Enjoyed dance given by
3rd dist Z.O.A. at the Parkway Palace.
My brother in law received
a summons to court from
the Success School,
My sister came up and
called me to go with her to
Because I told the School man
twice before that my brother in law
and out of work, he agreed
to teach him English for the
whole term on payments
of $2.00 a week, on account
I gave him the 2nd 5 dollars
I am glad this is off my
head, I will gladly pay for
him every week as he at present
cannot afford it.
I'm not sure where the Parkway Palace or the Third District of the Zionist Organization of America were located, though I'd say any establishment with the word "parkway" in its name was probably in the Bronx. Hopefully I can make it over to the New York Historical Society to look into it a little more...
Of more interest, though, is Papa's description of his brother-in-law Phil's problems with the Success School, which was obviously a vocational or language school catering to immigrants. If it had existed in modern times, it probably would have advertised itself on the subway.
I wonder what the atmosphere was like. Was it a second-floor classroom with a sign in the window and a bunch of typewriters sitting on old school desks? Was it close and stuffy, like the sweatshops its students work in? Maybe Papa's meeting with the "school man" (his English vocabulary must not have included the words "headmaster" or "administrator") took place in a dark hallway or staircase. It could have even happened in the classroom while class was in session -- sounds like the "school man" wanted to get rid of Phil in favor of a full-tuition student, so he might have deliberately made Papa argue right there, thinking he'd be too embarrassed to discuss Phil's discount arrangement in front of other students.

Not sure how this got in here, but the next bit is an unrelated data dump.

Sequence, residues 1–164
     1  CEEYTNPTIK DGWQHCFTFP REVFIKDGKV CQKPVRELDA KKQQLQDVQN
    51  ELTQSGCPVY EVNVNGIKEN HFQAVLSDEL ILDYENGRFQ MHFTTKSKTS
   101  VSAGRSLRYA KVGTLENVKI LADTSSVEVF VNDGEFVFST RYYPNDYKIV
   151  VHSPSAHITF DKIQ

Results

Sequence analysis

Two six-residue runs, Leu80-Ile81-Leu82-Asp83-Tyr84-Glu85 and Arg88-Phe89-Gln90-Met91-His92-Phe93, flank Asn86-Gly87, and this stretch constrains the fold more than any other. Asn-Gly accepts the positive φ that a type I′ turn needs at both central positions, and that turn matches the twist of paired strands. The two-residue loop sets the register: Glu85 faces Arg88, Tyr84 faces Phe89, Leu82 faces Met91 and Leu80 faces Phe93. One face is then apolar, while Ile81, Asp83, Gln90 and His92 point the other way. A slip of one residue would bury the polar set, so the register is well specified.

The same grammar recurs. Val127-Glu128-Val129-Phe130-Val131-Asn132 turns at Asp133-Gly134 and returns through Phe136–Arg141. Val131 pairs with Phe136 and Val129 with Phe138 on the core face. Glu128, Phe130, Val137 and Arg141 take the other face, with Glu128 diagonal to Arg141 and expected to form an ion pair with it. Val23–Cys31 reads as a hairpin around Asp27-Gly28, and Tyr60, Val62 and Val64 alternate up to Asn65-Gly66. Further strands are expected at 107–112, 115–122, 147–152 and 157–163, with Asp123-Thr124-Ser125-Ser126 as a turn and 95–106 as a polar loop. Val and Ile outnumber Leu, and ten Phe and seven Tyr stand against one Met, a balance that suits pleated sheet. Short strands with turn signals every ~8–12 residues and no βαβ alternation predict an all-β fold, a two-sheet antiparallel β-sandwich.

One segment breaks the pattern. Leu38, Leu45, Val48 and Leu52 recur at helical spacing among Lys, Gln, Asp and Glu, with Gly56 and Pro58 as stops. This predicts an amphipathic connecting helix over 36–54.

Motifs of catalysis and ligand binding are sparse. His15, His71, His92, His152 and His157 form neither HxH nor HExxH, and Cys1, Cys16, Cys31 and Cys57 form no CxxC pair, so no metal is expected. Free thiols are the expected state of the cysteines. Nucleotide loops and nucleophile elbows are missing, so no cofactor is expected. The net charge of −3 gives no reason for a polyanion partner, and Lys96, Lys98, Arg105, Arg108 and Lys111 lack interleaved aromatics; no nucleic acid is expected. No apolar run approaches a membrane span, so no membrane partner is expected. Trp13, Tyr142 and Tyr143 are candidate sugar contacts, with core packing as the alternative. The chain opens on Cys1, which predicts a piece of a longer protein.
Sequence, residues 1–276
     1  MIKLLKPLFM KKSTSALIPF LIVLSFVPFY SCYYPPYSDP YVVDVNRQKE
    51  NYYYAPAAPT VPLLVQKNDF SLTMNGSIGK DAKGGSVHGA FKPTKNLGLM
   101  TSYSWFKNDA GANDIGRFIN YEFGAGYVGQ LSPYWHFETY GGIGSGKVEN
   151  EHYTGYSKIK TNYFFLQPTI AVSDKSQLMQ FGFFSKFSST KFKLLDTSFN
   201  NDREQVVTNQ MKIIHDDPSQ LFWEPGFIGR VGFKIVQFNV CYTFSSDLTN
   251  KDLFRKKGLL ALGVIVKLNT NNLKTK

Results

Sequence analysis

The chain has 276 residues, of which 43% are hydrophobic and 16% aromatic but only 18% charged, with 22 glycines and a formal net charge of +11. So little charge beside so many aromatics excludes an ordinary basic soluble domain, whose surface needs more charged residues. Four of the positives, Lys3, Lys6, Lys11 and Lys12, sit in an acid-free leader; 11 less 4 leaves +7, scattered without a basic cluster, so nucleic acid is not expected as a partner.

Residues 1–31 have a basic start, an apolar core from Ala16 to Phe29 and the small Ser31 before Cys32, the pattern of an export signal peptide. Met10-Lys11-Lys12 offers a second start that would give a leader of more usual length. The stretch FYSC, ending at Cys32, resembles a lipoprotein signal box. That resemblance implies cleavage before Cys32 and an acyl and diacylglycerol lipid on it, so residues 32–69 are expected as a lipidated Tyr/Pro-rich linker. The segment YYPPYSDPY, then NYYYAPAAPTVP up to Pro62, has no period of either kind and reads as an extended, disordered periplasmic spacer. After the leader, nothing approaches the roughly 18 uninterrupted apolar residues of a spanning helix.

In any event, Papa's sense of duty is once again on display as he forks over $5.00 to keep Phil in class (if a previous commenter on this blog has the conversion right, this would be the equivalent of $60 in 2007, which was probably no small chunk of Papa's salary). My mother says the words "I am glad this is off my head" really jumped out at her because, for Papa, this would have been an over-the-top expression of impatience. But, these are Papa's private thoughts, and if that's as annoyed as he got I'm sure no one noticed.
Phil, by the way, was a Russian immigrant who came to America after his first wife "broke her head," as Phil apparently put it, in a buggy accident. He would outlive three more wives, all of whom, including Papa's sister Nettie, died under strange circumstances. This earned him the nickname "serial killer" among certain members of my family. According to one story, Phil half-jokingly offered to make Papa's other sister Clara his fifth wife when she was around eighty. "No," she replied, "I'm too young to die."